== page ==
Tuesday, February 23, 2010

A conflict of interest

The Standard has a major scoop this morning, revealing Foreign minister Murray McCully's conflict of interest over mining. McCully sits around the Cabinet table deciding on issues such as whether to mine on conservation land, and whether to boost subsidies for oil exploration. But according to the MPs’ Register of Pecuniary Interests [PDF] he owns shares in Widespread Portfolios, a self-described "mining sector venture capital investor" which funds mining companies such as Widespread Energy and Glass Earth. Both those companies - and therefore McCully - stand to profit handsomely from the government's rape and pillage policy.

The Cabinet Manual is very clear: Ministers must at all times conduct themselves in a manner "that upholds, and is seen to uphold, the highest ethical standards". They must ensure that "no conflict exists or appears to exist between their personal interests and their public duty". Where a conflict of interest such as McCully's appears, they must at the least declare it and withdraw from all relevant Cabinet discussions (in the long-term, they should divest themselves of the relevant assets). There is no suggestion that McCully has done this. This is something that needs to be thoroughly investigated. We can not tolerate any suggestion that Cabinet Ministers are making decisions they stand to personally profit from. "What's good for me is good for the country" is not an acceptable attitude in a modern democracy.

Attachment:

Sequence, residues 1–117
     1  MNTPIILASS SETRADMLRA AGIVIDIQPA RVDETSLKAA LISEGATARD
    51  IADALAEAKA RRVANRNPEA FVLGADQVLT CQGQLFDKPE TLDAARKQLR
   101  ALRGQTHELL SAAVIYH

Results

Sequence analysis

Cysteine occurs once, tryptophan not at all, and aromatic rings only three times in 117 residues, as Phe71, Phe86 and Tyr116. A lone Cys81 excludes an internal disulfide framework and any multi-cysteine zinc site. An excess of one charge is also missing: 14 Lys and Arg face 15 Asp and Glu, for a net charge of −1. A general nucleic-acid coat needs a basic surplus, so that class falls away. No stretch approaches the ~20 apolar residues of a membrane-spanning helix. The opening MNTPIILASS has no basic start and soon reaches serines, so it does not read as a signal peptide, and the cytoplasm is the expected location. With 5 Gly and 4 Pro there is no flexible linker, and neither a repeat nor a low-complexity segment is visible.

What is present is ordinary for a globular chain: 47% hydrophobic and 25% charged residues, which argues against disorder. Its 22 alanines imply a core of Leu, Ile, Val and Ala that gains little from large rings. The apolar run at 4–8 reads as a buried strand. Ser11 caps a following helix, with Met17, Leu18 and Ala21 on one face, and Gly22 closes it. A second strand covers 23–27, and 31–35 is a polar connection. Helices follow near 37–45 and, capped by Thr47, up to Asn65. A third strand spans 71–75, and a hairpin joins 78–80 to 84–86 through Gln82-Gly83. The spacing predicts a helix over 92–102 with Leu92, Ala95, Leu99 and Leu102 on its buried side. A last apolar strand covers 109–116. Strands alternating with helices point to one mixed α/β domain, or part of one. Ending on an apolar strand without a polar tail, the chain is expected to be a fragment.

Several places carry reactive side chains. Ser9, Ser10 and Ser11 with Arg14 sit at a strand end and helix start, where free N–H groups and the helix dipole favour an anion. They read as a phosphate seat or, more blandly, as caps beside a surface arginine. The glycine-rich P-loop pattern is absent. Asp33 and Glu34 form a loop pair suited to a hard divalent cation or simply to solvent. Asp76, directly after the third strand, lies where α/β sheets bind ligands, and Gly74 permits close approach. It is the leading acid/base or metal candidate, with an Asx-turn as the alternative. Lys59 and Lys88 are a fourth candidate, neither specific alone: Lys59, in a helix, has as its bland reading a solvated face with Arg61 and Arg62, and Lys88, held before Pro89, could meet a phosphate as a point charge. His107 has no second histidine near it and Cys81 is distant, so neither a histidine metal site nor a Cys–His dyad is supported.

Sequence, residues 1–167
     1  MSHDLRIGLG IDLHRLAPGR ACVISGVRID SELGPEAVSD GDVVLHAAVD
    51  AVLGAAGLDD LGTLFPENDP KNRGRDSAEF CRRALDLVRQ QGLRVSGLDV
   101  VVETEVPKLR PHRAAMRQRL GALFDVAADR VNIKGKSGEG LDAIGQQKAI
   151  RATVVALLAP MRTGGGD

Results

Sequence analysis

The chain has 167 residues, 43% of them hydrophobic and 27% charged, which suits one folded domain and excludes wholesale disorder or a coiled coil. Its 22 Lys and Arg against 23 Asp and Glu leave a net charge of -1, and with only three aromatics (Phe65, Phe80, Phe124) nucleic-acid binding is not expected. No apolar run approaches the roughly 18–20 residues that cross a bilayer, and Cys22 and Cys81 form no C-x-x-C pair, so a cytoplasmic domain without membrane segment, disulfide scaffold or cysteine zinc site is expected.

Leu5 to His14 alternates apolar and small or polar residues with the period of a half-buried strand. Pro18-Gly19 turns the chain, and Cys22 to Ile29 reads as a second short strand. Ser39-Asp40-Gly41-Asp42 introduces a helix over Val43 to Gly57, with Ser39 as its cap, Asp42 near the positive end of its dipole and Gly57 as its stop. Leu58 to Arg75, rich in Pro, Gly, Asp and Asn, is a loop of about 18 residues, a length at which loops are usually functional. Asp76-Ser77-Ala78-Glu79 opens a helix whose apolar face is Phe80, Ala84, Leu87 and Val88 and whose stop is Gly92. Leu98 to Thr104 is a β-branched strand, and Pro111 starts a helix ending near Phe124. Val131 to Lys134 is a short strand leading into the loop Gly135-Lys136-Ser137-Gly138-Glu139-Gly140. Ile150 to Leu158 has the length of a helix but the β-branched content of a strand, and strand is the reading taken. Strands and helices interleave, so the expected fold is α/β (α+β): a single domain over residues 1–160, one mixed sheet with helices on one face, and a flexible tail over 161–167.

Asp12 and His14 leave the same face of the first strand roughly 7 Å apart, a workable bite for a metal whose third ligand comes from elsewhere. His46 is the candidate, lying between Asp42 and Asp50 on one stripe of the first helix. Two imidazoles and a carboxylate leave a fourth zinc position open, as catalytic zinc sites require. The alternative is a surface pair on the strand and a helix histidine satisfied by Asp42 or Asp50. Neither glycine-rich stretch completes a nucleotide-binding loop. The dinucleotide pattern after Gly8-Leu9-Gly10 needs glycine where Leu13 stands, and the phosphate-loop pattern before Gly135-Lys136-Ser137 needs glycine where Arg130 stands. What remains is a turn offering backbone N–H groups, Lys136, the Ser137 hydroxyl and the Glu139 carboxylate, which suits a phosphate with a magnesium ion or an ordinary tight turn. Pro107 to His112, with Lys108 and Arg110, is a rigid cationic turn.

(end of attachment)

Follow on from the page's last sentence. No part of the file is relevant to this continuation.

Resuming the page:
The Standard also highlights a gap in Parliament's handling of pecuniary interests: 46 National and ACT MPs (and a fair few Labour ones) have trusts, which effectively hide assets and interests from the scrutiny of the public. And that is not good enough. MPs and Ministers must be seen to be above reproach. As with election funding, its time we busted open those trusts and had a look inside. And any MP who objects is simply unfit to hold their seat.